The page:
Just how easy is it to break into your company's networks? Hire a hacker, then sit tight.
Breed sees something interesting. He points to lines and lists of numbers that may as well be written in Urdu as far as most everyone else in the room is concerned. "This usually means someone is outsourcing or has a different server range somewhere," he says, looking at the IT manager, who confirms that a good portion of the company's systems are outsourced.
Breed avoids scanning the hosted domains--no sense making their intrusion-detection systems light up. He finds a local server with an open port. Breed uses Netcat, a network-analysis tool, to figure out what type of Web server he's looking at. It's a Lotus Domino Server.
The IT manager has been toying with a white bottle-cap, and now his right leg breaks out in nervous thumping. Breed says he's found a mail server, two Web servers, and the Domino Notes server. "We're looking for services that are open. Anything that is open on port 80 [Web port] is worth looking for," he says.
The next program he runs is Nikto, a free tool for scanning Web servers for vulnerabilities. Breed studies the lists and takes more notes. "We found a new host name, another potential target," he says.
"He hasn't broken into anything," the IT manager tells the director.
Breed is looking through files in the Domino database. Now he's looking at Lotus MTA routing tables. "MTA tables show how the system routes mail. It may or may not tell us something, but it's always worth looking at."
Breed pauses for a moment. He's accessed a file called names.nsf. Suddenly, the company's directory splashes on the screen. Breed is scrolling up and down, reading what appear to be the addresses and contact information for everyone in the company.
"That's my home address!" says the director.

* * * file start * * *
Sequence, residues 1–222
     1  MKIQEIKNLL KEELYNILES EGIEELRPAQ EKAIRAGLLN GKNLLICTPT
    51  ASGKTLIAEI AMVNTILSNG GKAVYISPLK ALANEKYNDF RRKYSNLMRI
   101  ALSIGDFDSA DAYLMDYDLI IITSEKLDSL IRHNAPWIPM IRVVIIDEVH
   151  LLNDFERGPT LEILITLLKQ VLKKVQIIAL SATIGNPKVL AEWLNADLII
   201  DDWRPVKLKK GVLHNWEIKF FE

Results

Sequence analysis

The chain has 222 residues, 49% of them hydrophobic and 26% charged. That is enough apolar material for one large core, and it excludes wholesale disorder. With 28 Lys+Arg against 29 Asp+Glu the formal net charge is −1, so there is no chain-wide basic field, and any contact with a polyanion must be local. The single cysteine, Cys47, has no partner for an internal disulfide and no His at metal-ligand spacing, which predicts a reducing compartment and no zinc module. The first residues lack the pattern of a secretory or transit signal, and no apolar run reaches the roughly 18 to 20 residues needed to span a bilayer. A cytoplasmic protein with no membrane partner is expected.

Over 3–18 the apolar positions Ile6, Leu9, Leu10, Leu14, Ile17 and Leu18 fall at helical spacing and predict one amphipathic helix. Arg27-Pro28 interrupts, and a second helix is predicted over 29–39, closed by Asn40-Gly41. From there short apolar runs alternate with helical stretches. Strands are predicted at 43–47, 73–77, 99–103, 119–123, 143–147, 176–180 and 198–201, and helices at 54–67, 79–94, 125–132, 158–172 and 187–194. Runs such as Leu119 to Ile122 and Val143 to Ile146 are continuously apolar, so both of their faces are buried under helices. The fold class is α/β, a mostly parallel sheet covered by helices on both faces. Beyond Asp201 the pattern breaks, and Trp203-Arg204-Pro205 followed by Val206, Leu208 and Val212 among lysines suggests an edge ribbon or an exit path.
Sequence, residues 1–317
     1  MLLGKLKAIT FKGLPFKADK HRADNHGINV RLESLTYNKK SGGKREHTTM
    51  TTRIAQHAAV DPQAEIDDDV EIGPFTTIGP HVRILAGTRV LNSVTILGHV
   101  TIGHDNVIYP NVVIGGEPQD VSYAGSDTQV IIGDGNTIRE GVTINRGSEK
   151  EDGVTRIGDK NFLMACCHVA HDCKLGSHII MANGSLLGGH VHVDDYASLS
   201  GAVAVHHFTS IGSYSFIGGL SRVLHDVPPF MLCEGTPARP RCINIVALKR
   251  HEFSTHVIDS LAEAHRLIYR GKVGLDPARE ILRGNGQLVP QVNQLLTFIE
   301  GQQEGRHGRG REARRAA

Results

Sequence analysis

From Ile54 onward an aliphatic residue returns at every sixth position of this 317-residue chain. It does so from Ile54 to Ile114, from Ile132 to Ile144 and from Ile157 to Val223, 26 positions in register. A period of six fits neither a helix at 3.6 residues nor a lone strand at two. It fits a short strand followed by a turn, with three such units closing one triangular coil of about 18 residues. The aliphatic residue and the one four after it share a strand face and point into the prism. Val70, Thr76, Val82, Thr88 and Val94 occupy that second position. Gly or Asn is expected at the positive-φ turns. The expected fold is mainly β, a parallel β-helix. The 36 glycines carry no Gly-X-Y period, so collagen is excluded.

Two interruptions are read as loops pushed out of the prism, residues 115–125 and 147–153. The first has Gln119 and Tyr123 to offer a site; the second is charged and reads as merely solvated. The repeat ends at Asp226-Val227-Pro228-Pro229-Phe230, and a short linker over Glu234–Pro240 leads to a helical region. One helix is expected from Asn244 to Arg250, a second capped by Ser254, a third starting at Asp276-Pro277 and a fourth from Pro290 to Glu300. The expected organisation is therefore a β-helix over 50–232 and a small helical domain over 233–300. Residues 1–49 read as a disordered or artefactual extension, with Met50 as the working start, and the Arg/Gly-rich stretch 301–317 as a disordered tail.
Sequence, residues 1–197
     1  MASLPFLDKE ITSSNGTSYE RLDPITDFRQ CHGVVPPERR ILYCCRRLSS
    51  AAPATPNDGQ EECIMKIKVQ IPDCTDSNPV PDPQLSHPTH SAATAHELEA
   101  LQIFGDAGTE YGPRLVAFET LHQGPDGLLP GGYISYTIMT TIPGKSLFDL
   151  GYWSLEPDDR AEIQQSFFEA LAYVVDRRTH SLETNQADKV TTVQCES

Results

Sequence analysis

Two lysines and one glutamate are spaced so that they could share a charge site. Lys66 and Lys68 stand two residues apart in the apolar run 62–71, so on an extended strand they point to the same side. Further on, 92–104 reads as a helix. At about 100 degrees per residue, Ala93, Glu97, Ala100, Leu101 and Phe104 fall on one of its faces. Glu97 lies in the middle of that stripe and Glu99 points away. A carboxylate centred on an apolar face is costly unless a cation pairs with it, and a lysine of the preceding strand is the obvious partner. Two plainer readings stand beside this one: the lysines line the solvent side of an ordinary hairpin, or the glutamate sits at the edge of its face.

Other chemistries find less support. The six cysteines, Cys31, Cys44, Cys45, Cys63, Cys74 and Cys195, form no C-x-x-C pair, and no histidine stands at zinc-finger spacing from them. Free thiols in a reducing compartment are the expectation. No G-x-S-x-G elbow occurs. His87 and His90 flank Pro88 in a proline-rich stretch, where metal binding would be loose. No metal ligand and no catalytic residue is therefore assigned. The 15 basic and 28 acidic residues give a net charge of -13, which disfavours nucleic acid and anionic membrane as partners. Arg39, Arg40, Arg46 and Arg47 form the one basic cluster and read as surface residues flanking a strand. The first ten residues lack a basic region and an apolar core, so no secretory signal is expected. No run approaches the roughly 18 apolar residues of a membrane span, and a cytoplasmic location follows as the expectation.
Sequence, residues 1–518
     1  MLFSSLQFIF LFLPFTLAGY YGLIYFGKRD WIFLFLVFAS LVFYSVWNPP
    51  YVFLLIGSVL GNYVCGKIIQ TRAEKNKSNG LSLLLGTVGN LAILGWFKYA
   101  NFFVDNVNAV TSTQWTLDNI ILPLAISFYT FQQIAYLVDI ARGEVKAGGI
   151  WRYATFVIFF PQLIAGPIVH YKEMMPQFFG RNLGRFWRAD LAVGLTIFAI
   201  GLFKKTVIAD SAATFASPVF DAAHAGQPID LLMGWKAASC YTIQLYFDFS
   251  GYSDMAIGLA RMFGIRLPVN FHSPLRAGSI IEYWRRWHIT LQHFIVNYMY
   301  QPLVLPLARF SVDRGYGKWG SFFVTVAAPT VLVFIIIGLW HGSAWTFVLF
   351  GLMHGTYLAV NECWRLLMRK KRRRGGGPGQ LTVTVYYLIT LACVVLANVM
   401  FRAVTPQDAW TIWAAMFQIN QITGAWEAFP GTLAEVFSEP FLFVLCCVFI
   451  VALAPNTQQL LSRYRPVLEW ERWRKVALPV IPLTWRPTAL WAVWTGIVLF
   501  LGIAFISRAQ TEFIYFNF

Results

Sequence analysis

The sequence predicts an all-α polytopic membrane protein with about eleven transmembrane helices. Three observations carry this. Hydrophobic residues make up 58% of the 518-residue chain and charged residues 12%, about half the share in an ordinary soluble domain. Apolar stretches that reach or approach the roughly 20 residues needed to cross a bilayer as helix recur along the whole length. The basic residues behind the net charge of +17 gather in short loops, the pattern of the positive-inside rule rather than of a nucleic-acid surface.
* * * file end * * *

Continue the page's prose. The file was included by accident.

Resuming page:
Then Breed discovers he's able to download user IDs in Lotus Notes. These are files used to log on to the company's E-mail system. It's a long list, and includes the entire management team. "I could have total E-mail access in a matter of hours or days," Breed says. "Since they can be copied, you can do an offline attack on them all day until you crack one."
"Why don't we just close that up and pretend it didn't happen," jokes the IT manager.
Now Breed fires up another free security tool called Nessus, from the Nessus Project, which develops open-source toolsets and security scanners that look for potential ways crackers could break in or misuse applications. Lists of potential vulnerabilities, generated by Nessus, scroll across the screen. Breed asks the IT manager how often the company updates its servers. The IT manager says systems are patched regularly--a good step toward secure systems.
Breed didn't find much worth looking at with the Nessus scan, so he turns back to information he collected earlier. This time it's a server that, when he surfs with Internet Explorer, prompts him with a digital certificate. And the certificate is invalid. "This is something that a hacker could attempt to use against you," he says. Breed explains that if users get used to clicking "yes" to the invalid certificate, they could do so when a hacker has taken control of the machine. A hacker could exploit this, Breed says, by setting up what's called a "man-in-the-middle attack"--crafting his or her own digital certificate that would closely resemble the certificate users are used to signing. When a user clicks "yes" to trust it, portions of what they do on the Internet will be guided through a system under the control of the hacker. "It's an interesting way to collect passwords and other interesting things," he says.
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